Make This: Sourdough Starter Crumpets (Zero Waste!)

April 28, 2020

Making sourdough is fun but what’s more fun in my opinion is making stuff from the starter discard you’d otherwise throw away. Turns out you can make crumpets in minutes using your discard and just a couple other pantry ingredients you’re very likely to already have…

Unlike the sourdough bread itself which takes time, patience and a bit of trial and error, sourdough crumpets are ready in minutes — plus, you can make batches whenever and just store them in the freezer for later. It seems there are lots of different recipes and techniques for making crumpets out of sourdough starter, but what I wanted to do was basically use up the starter and not really use many other ingredients or cupboard supplies, as that kind of defeats the point.

This recipe here ‘upcycles’ your sourdough discard and uses just starter, bicarbonate of soda, a little bit of salt and a little bit of sugar. No extra flour, no wait time, just easy peasy crumpets. Oh, and I use egg poaching rings in a frying pan to shape them. The rings are kind of essential, but you could always fashion some out of foil to start with if you don’t have them…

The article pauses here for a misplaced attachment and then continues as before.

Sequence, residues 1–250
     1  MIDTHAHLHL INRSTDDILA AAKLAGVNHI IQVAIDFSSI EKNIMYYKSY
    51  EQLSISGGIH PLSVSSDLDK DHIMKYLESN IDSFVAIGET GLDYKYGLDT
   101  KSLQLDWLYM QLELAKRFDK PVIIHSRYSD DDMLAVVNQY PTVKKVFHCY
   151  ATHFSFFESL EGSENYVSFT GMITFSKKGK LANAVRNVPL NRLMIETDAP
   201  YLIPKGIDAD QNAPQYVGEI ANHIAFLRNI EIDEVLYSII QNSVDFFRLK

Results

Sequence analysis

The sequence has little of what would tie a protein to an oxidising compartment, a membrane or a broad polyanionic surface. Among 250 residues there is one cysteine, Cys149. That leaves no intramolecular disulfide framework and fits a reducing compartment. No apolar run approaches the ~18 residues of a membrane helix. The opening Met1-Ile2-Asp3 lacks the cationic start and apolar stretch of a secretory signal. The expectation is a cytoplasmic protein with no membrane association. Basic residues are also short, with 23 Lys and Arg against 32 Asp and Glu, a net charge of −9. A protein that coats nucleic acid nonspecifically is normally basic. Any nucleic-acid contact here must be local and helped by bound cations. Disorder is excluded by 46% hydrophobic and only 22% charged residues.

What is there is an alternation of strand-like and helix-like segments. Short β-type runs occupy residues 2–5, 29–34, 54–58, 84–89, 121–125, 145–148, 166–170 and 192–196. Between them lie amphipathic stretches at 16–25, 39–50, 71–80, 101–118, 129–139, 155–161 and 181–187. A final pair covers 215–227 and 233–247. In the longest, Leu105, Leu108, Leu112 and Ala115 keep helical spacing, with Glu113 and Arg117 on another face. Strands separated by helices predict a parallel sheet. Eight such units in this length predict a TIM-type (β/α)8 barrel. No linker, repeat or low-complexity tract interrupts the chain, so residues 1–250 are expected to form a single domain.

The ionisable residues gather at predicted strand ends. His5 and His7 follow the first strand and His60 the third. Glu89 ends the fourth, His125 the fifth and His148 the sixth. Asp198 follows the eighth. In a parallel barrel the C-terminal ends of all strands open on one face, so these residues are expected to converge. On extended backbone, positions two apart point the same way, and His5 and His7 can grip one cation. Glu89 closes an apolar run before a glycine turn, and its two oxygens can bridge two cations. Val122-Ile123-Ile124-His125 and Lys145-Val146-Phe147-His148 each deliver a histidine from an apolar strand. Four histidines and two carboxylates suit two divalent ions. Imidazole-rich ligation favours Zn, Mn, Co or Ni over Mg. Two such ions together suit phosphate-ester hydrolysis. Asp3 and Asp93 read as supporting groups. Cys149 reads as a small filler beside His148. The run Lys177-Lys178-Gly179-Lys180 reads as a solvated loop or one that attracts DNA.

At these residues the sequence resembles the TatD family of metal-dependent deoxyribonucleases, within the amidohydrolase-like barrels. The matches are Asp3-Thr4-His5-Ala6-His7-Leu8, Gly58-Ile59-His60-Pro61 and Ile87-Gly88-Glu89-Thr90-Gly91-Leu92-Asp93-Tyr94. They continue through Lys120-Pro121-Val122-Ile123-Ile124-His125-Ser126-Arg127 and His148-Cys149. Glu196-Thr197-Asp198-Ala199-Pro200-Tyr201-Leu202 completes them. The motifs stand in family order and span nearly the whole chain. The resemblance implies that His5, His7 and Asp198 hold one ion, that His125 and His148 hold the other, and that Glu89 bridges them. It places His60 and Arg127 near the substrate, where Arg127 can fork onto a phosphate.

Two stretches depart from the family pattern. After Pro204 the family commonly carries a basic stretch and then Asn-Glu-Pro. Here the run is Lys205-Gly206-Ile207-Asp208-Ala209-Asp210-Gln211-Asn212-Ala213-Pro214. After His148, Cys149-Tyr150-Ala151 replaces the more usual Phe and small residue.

INGREDIENTS (makes 4 crumpets)

250g sourdough starter (every time you feed my starter, you pour about ¾ of it away. Instead of throwing in the bin, save in a Tupperware in the fridge and add to it each day. That’s what you’re going to use here.)

¾ teaspoon bicarbonate of soda

½ teaspoon salt

¾ teaspoon sugar

Butter or oil for frying


Grease your frying pan and the inside of your poaching rings, pop them in the frying pan, and put it on a medium heat (I use 5 on our induction hob).

Put your starter, sugar and salt in a mixing bowl, then stir in your bicarbonate of soda and you’ll notice is fluffs up wonderfully in seconds. This is my favourite bit! 

Spoon your mixture carefully into the rings, filling each one to the top and avoiding, if possible, it going all over the sides. 

Trial and error has taught me that the crumpets work best if you cook them slower on a medium-low heat, rather than just blasting them on hot as the bottoms burn and they’ll drop in the middles, so be patient. You’ll see bubbles form and they’ll start to look like crumpets within a few minutes. Once they’re starting to look cooked and most of the mixture on the top surface has cooked, flip them over and cook for a couple of minutes further on the other side. If you flip them too soon before they’re cooked through, they’ll droop.

Leave them to cool for a few minutes (ideally on a cooling tray) then pop them out of their rings and voila, you just made crumpets out of stuff you’d otherwise throw away!